Stop 5: Bridal Veil Falls: Billings, ON
Torrance Barrens Dark-Sky Preserve to Bridal Veil Falls: 4 hours, 16 minutes
The beautiful Bridal Veil Falls is located on Huron’s Manitoulin Island. The waterfall is about 35 feet high and is only a 1.1km hike. You’ll also be able to get a look behind the falls, as well!
Parking: As long as you use Google Maps to find Bridal Veil Falls, parking will be a breeze. There are signs all around the area and the trail is paved.
Where to Stay: Gordon’s Park is a campground toward the tip of Manitoulin Island. It features regular campsites (approximately $46 per night), hammocks, Tipi tents, luxury cabins, and even the view of the Northern Lights at certain times of the year. Just note: It is NOT open year-round! If you’d prefer to stay off the island, there is a local town nearby called Sudbury that will have amenities.
Stop 6: Bruce Mines: Bruce Mines, ON
Bridal Veil Falls to Bruce Mines: 3 hours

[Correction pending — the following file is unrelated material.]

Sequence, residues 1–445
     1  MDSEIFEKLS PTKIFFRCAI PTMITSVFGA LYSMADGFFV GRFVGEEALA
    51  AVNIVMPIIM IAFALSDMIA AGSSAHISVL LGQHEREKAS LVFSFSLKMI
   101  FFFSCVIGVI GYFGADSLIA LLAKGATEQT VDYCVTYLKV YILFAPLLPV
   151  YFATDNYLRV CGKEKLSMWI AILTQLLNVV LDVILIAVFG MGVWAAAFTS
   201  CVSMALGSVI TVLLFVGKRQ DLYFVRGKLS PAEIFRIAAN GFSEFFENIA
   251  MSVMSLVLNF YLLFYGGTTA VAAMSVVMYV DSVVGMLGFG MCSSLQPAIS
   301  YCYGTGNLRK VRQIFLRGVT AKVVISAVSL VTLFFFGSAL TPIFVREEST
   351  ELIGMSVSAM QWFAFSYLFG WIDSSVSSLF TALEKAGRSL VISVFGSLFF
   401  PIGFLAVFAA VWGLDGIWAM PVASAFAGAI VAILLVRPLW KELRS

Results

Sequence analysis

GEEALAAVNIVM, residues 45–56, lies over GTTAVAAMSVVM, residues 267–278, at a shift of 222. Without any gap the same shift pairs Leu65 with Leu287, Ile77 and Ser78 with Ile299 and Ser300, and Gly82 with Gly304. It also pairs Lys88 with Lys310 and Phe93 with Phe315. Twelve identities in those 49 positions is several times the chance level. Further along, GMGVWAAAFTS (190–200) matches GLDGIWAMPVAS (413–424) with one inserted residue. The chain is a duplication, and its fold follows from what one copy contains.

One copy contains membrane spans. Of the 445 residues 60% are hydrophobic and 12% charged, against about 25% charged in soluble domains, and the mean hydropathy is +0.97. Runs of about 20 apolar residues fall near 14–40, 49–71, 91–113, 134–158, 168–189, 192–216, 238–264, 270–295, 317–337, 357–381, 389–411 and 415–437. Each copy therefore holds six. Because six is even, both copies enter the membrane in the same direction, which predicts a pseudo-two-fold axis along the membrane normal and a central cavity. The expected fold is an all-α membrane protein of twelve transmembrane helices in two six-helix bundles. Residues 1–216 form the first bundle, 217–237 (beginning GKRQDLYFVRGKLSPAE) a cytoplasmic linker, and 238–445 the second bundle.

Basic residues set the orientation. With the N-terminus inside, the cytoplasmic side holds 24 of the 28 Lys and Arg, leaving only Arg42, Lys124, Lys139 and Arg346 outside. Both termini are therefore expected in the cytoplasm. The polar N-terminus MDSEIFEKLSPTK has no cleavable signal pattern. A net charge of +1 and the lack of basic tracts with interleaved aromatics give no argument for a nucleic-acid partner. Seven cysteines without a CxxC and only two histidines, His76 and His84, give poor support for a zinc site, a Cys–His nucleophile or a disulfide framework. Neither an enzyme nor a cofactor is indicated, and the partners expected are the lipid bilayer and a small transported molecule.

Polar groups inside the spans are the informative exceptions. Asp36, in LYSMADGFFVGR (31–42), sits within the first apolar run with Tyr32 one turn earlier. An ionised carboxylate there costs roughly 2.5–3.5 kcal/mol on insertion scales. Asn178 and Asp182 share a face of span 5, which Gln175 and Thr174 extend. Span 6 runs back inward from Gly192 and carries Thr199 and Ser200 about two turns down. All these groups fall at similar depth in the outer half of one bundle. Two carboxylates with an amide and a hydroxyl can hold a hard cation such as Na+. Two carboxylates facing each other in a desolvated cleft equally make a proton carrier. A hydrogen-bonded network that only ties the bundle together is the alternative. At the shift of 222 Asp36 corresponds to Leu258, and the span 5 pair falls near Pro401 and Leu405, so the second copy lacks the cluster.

Bruce Mines was a small town located along Lake Superior by Sault Ste. Marie. We stopped here for a night to get some rest.
Where to Stay: Bruce Mines Township Campground and RV Park was only $20 a night. During the fall season, you’ll pretty much have this local campground to yourself!
Stop 7: Katherine Cove: North Part, ON
Bruce Mines to Katherine Cove: 2 hours, 19 minutes
Katherine Cove is a beautiful cove off of the highway that is worth taking a quick stop to see during your road trip.
Where to Stay: We stayed at a local “secret” spot off of the highway in Agawa Bay. If you are interested in finding some spots that you can boondock for at least a night, check out websites like iOverlander or freecampsites.com.
Stop 8: Wawa Goose & Middle Silver Falls: Wawa, ON
Katherine Cove to Wawa Goose: 42 minutes
While driving, take a scenic tour through Wawa to fill up on gas and see their famous goose! If you’re in for a little hike, go take a look at Middle Silver Falls. The hike was a little sketchy when we went through, and it wasn’t the best for pictures. But, it was really neat to see!
Stop 9: The White River Suspension Bridge: Chigamiwinigum Falls
Wawa Goose to Puaskwa National Park: 56 minutes
To get to the White River Suspension Bridge, you’ll have to embark on a long 18km hike that is a part of the famous Coastal Hiking Trail in Puaskwa National Park.
Stop 10: Aguasabon Falls & Gorge: Terrace Bay ON
Puaskwa National Park to Aguasabon Falls: 1 hour, 50 minutes